Rumi's Math
Mystical Sufi poet Molana Jalal-e-Din Mohammad Molavi Rumi wrote of discovering Divine love deep inside our own hearts. The universe awaits us inside, and the journey there is the most important one we can undertake. Heady thoughts, maybe too heady for a theatrical presentation. Director and scriptwriter Handan Ozbilgin portrays this quest in two aspects. One is an American woman (Jessica Marie Smith) dreaming of another woman, a kind of soul mate (Gulcin Hatihan), that her soul urges her to meet. She is aided by a group of five goddesses. This quest is amplified in an interesting video that spins the same story amid the subways of New York. Signs and symbols, including a red jacket studded with mirror fragments, abound. She reaches her goal, but unfortunately this all-female cast may not be the best to open the uninitiated to the realm of Rumi (also known as Molavi). It's a more earthbound event here. Also to this observer that associates Rumi with a mature men's world, the girl's prep school atmosphere is jarring. However, any effort to broaden Rumi's appeal is always to be welcomed. At Teatro La Tea. 1 hour. [Lipfert]

Le Livre Blanc
Jean Cocteau's 1928 kiss and tell confessional of his early sex experiences form the basis for this Journeymen production. While the aim of the company is to promote good things like tolerance and diversity, Frank Pullen's adaptation of Cocteau talks more about eroticism than successfully explores it. The result is that we see a parade of encounters, unfortunately all narrated in similar tone by Jean-Paul Menou. Mark Konold and Joseph Krstyen portray the people around the young Cocteau. Pullen's direction doesn't offer much variety in mood, perhaps because he didn't get beyond Cocteau's probable distillation and distancing-tricks of the writer but an enemy of the theater. In any case it's a far cry from Pullen's lively Einstein's Dreams, given at a previous NY Fringe Festival. At Greenwich Street Theatre, 1 hour, 30 minutes. [Lipfert]

Best known for his populist novels, French author Honoré de Balzac also produced novels and short stories with occult, almost sci-fi themes. Such is the tale of the androgynous Séraphita, unattainable love object of a man and a woman. When Séraphita convinces both that they are attempting the impossible, the couple marries. All-female Treaders in the Snow company presents this odd but engrossing story as choreographed by Naeko Shikano. As the stately title character, Mana Hashimoto is slowly enveloped in a long black train of cloth first by the man (Naeko Shikano) then by his future wife (Megumi Onishi). Shikano goes straight for the metaphysical essence of the story, and she distills the underlying passion into expressive movement. As the couple becomes released from their attachment to Séraphita, they begin to twist and twirl. Then Séraphita ascends to a higher realm (to a platform at the rear) while the man and woman find repose. Unfortunately the choreographic material doesn't support the length of this abbreviated piece. Yet the emotional portrayals, especially by Hashimoto, are memorable. As are Courtney Logan Rika's varied yet understated costumes perfectly in keeping with the elevated treatment of the theme. During the bows it comes as a surprise to realize that Hashimoto is blind. At Washington Square United Methodist Church. 45 minutes. [Lipfert]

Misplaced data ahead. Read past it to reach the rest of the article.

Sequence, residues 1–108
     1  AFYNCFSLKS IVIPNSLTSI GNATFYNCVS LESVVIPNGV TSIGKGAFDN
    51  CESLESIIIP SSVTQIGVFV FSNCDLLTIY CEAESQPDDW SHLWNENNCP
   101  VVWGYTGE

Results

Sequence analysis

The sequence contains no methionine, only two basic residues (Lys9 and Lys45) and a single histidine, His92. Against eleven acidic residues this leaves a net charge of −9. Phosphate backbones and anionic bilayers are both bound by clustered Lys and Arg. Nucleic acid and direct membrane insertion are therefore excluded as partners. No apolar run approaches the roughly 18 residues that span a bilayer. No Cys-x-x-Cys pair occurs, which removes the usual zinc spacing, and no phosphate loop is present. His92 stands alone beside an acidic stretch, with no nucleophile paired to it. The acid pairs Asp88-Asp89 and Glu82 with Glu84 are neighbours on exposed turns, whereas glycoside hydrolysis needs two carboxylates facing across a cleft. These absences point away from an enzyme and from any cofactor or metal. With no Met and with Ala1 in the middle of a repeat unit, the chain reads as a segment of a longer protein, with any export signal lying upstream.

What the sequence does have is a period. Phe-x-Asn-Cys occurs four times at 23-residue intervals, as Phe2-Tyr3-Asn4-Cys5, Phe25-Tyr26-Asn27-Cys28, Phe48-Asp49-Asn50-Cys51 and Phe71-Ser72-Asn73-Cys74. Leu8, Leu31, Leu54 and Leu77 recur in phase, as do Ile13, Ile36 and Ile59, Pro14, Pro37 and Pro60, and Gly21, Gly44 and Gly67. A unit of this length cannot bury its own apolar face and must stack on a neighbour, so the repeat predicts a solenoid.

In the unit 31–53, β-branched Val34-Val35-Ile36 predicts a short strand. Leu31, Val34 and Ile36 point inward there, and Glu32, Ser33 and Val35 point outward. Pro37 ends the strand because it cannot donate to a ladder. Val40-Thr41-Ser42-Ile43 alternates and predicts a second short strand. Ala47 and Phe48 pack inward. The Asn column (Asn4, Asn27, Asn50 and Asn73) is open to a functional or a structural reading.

Caravan to Cairo
Led by Samara, four talented women dancers take us on a delightful tour of Arabic lands from Al-Andalus (Spain) to Arabia. Egypt is the uncontested center of dance, and the complex belly dance the most characteristic example. Colors swirl, finger cymbals cling and coin headdresses and belts clink away during this audience-friendly presentation. Some dances have their stately aspects, like the Algerian Ouled Nail, while most of the others are more frankly sensual. A Saudi duet, Raks Khaleegi, with dancers Reyna and Andrea in elegant modern robes, offers a glimpse onto more ancient traditions of the Near East. A suite of four dances from far-flung locales in the Arabic-speaking world plus Turkey perhaps doesn't reflect gypsy influence as the voiceover would have it, but it is no less enjoyable for the lack. Morgiana narrates a Moroccan folk tale of the Jinn of the Feather Cloak as a showcase for Samara's expressive dancing. Only the haphazard finale disappoints. At Washington Square United Methodist Church. 1 hour. [Lipfert]